Cryptocurrencies have come a long way since the day when Laszlo Hanyecz paid 10,000 bitcoins for two large Papa John’s pizzas nine years ago, marking the first purchase of physical goods with digital currency. Although bitcoin is still far from universally accepted by sellers, thousands of merchants around the world accept cryptocurrency – and their ranks are growing every day. The latest big developments in this area emerged at this year’s consensus conference, when Flexa released its partnership with a number of major American retailers. Flexa’s payment app, Spedn, will allow users to pay for purchases at more than a dozen Barnes & Noble, Office Depot and Whole Foods stores with cryptocurrencies.
Payments, as we know, are just the tip of the blockchain iceberg, however. Although the increase in the number of stores and chains that accept digital currency remains an important development towards mass adoption, there are several other areas where Digital Linear Tape (DLT) technology can be useful for the detail. Some of these solutions are already in place and working, and others promise to bring massive change over the next few years.
The Kaspersky Lab Global IT Security Risks Survey, released in February, found that a respectable 13% of more than 12,000 consumers in 22 countries used cryptocurrency to pay for their purchases online.
Businesses that are embarking on the path of accepting cryptocurrency can be motivated by a variety of reasons. Some may want to appeal to younger, technologically advanced, savvy customers with advanced technology, while others trust the technology and are optimistic about cryptocurrency. The volatility of the digital currency remains the main deterrent for large retail businesses. Intermediaries like Flexa, who are ready to put themselves between businesses and the crypto market to absorb part of the uncertainty, prove useful because the big players are ready to experiment with the new payment method but are wary of potential risks.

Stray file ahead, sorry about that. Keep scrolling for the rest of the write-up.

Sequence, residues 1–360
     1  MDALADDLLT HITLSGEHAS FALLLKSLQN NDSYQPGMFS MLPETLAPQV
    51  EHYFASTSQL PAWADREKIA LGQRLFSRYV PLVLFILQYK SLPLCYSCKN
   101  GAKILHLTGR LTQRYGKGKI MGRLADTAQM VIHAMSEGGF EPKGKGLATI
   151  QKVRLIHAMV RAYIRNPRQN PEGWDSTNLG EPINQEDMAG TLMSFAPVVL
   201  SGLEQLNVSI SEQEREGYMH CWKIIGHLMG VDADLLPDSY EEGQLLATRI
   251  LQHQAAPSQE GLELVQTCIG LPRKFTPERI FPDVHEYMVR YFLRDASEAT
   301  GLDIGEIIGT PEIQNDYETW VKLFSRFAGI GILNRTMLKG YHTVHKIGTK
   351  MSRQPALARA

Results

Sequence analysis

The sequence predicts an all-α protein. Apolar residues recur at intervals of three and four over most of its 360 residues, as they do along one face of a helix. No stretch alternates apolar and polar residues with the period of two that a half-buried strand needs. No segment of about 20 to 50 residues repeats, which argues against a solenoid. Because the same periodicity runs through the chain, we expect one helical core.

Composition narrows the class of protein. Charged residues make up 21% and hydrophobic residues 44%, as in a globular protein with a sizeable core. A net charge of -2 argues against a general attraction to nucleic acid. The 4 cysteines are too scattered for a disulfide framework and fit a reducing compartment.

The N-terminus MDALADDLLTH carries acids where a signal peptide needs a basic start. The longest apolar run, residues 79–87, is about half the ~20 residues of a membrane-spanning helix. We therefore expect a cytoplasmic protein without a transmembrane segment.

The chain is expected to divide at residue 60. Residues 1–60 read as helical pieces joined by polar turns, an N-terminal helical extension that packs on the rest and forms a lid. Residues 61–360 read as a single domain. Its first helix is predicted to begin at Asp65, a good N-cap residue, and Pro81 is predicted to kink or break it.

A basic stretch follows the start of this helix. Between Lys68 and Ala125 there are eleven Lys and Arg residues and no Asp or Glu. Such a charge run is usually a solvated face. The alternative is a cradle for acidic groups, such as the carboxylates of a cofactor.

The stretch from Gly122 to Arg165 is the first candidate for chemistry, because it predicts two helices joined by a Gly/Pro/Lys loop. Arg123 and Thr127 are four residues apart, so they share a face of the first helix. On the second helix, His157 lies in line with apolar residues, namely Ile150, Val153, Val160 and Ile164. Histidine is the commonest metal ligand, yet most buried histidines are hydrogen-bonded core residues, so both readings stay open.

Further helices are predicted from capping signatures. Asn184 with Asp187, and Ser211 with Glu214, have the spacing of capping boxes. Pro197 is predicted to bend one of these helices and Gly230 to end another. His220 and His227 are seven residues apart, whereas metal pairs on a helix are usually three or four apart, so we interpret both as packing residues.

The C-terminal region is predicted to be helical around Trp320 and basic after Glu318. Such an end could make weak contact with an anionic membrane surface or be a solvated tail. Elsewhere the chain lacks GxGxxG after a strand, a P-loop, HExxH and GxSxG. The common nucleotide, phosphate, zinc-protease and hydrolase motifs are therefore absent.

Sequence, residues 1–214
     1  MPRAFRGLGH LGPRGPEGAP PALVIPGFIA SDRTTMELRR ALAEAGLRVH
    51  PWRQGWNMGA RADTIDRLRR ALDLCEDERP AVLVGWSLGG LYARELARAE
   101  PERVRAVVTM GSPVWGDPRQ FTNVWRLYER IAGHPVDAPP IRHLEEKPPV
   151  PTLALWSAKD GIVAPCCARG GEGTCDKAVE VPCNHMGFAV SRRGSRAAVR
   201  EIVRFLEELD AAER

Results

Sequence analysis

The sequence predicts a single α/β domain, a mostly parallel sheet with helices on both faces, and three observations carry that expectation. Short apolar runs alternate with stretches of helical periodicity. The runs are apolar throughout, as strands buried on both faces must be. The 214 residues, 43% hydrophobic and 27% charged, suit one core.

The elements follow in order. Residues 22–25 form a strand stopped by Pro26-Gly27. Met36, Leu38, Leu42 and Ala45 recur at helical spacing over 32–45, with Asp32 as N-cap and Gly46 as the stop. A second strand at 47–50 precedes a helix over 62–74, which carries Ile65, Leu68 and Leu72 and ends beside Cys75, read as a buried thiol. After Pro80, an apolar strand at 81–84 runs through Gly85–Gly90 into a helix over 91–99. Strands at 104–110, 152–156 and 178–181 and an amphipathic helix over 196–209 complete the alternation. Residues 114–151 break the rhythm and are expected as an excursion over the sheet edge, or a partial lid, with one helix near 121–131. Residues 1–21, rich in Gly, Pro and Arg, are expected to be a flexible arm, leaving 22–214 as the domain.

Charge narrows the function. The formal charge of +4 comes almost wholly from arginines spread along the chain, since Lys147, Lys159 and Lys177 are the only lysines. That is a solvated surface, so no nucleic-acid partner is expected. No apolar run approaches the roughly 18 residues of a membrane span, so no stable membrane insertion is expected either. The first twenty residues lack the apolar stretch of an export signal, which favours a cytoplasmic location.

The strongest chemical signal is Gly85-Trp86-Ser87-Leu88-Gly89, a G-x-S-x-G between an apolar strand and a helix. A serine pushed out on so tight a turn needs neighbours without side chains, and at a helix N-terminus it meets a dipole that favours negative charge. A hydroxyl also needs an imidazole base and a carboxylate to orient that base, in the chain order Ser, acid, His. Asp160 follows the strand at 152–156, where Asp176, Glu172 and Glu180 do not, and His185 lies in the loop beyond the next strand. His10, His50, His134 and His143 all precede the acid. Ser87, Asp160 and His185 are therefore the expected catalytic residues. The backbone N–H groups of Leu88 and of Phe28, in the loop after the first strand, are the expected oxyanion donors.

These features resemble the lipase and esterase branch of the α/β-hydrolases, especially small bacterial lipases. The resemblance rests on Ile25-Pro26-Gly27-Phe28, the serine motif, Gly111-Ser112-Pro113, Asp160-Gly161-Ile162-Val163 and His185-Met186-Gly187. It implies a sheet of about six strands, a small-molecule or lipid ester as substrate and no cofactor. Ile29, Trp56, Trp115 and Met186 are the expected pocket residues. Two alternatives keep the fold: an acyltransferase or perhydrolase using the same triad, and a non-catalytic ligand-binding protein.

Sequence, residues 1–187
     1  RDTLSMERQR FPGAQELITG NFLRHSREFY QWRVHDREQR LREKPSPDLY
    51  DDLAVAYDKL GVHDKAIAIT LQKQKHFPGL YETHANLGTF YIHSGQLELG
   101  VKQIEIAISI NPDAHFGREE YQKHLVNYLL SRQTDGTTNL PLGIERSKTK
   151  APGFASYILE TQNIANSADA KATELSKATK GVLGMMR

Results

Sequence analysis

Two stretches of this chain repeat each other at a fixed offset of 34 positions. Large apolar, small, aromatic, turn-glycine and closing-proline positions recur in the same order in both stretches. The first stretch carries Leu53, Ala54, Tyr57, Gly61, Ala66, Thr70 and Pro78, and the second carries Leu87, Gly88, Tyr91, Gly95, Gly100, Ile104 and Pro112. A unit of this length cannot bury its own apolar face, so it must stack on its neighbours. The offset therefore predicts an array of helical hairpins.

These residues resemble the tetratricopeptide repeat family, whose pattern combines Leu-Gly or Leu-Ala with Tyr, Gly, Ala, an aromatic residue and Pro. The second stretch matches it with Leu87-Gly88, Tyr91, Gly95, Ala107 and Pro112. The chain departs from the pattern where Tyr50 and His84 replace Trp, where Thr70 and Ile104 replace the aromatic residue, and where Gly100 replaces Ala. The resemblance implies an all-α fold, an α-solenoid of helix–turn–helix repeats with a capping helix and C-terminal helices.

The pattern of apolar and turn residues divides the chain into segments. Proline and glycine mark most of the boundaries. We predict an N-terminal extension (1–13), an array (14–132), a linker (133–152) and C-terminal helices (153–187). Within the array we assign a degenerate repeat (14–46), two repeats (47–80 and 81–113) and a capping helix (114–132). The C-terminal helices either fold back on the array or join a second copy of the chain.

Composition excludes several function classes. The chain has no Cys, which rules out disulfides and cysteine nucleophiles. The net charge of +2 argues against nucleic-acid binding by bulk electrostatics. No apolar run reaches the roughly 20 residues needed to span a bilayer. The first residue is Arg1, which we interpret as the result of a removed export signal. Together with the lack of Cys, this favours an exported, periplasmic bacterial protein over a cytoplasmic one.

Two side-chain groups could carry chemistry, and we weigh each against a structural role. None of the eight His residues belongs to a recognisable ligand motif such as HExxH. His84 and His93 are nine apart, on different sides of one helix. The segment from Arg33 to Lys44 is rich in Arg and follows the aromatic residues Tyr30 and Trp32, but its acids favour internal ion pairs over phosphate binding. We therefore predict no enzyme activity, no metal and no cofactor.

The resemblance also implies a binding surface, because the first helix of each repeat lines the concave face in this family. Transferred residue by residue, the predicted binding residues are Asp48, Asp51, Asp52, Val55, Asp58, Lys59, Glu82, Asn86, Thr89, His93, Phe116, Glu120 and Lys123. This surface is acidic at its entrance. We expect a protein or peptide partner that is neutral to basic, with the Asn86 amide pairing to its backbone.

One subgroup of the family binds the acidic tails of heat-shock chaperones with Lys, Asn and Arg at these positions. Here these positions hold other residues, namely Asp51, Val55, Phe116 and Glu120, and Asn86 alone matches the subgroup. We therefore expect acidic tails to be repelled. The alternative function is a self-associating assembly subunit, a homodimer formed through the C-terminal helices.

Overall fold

It seems that this indirect model could become a dominant means of facilitating the access of large retail chains to payments in digital currency in the coming years. This is how, for example, the recently announced crypto-payment partnership between Starbucks and financial technology company Bakkt should work.
The ability of the Blockchain to facilitate the transmission of value and information may result in more sophisticated and multifunctional forms of payment in the near future. A recently unveiled application, Civic Pay, is a striking example:
The solution will allow vending machine operators to simplify access to age-classified goods by combining payment, identity verification and reward points in one transaction.
Loyalty programs are another important area of the retail industry that could use optimization and enhanced fraud protection. An essential tool for establishing a lasting relationship with a client, these transaction-based programs often rely on a less secure infrastructure than that of “real” payments, which has led to a substantial increase in crime linked to loyalty fraud. during the last years. Both value and personal data are subject to theft. In addition, many reward programs do not provide enough value to customers because the means to spend the hard earned points are limited.
Introducing blockchain into the equation could help retailers solve these two problems. On the security side, hackers and fraudsters will find it much more difficult to break into a distributed ledger system than a system that stores all of the data in a centralized database. In terms of consumer value, creating a token-based reward ecosystem open to third-party businesses is one way to give customers a multitude of diverse ways to spend their points.
This is exactly what American Express is seeking to achieve with its rewards platform based on Hyperledger, designed to allow merchant partners to create personalized rewards offers for customers of the finance company. The Swiss company Qiibee, which helps companies to personalize their loyalty programs, is a leading player in this field.
Supply chain monitoring
Another well-established family, extensively covered with blockchain retail use cases, relates to the ability of technology to make the origins of goods transparent and verifiable. The requirement for such transparency may arise from different considerations, depending on a particular industry, the three main concerns being security, authenticity and ethical sourcing.